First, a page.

28 February 2024

​NSW Health is advising people to be alert for signs and symptoms of measles after being notified of a confirmed case of measles in western Sydney.

The case is an infant, who was too young to be vaccinated, and recently returned from south Asia where there have been ongoing outbreaks of measles in several countries.

People who may have been exposed to the virus in the following location should monitor for symptoms:

Friday, 23 February 2024: Blacktown Hospital Emergency Department from 9:30am – 3pm.

Western Sydney Local Health District Director of Public Health Dr Catherine Bateman said while this location poses no ongoing risk, if you, or someone you know, visited the above location at that time it is important to be on the lookout for symptoms.

“Symptoms of measles include fever, runny nose, sore eyes and a cough, usually followed three or four days later by a red, blotchy rash that spreads from the head to the rest of the body," Dr Bateman said.

Measles is a vaccine preventable disease that is spread through the air when someone who is infectious coughs or sneezes.

“Symptoms may appear between 7 and 18 days after an exposure, so it's important for people to stay vigilant if they've been exposed, and if they develop symptoms, to please call ahead to their GP or emergency department to ensure they do not spend time in the waiting room with other patients," Dr Bateman said.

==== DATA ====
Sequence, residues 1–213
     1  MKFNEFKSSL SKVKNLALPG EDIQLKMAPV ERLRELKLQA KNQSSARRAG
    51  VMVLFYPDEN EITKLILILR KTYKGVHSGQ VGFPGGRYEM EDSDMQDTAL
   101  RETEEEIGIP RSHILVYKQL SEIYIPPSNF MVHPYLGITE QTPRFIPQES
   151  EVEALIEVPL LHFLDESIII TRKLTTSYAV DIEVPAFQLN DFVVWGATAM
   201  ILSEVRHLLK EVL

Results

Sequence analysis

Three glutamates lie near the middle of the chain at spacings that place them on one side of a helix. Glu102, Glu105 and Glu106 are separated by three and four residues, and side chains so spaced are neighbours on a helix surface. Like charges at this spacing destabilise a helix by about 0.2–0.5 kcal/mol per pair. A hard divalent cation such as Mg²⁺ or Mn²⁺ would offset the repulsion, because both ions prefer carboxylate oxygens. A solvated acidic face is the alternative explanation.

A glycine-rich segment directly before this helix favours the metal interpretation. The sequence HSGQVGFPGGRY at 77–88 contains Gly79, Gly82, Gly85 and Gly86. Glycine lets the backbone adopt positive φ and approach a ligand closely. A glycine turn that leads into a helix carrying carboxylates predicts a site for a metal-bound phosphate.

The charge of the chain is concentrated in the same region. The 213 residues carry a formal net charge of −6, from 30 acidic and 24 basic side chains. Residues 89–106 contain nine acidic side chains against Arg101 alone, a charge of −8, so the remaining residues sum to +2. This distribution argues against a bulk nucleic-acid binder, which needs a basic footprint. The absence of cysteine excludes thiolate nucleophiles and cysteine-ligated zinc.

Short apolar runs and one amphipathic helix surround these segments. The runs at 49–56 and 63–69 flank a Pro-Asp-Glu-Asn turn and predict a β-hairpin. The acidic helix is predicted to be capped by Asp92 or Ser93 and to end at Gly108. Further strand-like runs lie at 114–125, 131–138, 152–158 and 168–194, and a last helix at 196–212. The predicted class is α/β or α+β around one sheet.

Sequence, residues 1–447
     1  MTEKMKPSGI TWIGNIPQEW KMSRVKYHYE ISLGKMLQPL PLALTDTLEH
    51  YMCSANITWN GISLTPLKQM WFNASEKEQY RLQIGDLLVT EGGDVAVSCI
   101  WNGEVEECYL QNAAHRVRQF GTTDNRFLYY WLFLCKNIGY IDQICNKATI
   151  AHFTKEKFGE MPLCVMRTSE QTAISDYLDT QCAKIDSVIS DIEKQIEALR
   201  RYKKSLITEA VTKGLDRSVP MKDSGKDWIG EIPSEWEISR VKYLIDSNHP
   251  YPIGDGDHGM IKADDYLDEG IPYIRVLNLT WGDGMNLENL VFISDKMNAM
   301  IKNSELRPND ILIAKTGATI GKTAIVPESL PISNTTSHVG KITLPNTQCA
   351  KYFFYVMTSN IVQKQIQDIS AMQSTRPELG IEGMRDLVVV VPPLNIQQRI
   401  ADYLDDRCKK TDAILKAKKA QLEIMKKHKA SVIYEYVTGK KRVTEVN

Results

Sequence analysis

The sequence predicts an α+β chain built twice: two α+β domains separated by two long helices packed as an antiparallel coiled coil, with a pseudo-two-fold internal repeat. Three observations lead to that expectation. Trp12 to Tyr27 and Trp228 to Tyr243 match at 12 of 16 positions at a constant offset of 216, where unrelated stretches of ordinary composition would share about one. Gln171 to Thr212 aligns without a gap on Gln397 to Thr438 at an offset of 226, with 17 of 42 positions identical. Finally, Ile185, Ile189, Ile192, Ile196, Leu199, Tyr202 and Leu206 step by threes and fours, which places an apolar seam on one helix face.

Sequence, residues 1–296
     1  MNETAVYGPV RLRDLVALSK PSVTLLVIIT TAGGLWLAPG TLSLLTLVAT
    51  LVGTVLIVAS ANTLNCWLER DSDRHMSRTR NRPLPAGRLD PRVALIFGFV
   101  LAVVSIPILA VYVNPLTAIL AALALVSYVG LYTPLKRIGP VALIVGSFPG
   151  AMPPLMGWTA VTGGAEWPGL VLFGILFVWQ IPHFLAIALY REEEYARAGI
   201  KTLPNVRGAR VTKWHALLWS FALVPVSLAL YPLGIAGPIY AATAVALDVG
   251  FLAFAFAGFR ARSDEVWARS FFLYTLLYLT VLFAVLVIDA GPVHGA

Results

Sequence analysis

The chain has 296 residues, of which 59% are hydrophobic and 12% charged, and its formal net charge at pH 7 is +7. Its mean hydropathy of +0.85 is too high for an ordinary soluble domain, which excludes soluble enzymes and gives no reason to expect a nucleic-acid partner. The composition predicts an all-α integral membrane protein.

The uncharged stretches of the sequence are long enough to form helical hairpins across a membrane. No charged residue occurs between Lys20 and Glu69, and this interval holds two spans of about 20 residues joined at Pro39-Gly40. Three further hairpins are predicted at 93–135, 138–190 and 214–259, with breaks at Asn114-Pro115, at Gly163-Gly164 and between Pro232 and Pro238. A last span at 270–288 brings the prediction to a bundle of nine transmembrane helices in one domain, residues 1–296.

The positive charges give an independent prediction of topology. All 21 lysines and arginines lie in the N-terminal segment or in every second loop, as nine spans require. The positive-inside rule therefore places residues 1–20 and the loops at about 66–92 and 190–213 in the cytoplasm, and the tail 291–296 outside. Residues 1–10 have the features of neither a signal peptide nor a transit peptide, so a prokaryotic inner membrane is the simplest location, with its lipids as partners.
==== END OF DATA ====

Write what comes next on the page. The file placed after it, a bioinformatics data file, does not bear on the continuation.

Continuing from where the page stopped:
“This should be a reminder for everyone to check that they are protected against measles, which is very infectious.

“Anyone born during or after 1966 needs to ensure they have received two doses of measles vaccine, this is particularly important prior to overseas travel, as measles outbreaks are occurring in several regions of the world at the moment.”

The measles-mumps-rubella (MMR) vaccine is safe and effective against measles and is included on the National Immunisation Program (NIP) for children at 12 and 18 months of age. It is also free in NSW for anyone born during or after 1966 who hasn't already had two doses.

Children aged 6 to 12 months can have their MMR vaccine schedule adjusted to receive their first dose earlier if they are travelling to areas considered high risk for measles following consultation with their GP.

People who are unsure of whether they have had two doses should get a vaccine, as additional doses are safe. This is particularly important prior to travel. MMR vaccine is available from GPs (all ages) and pharmacies (people over 5 years of age).

For more information on measles, view the measles fact sheet.

If you, or a loved one, is experiencing measles symptoms, or have questions about measles, please call your GP or Healthdirect on 1800 022 222.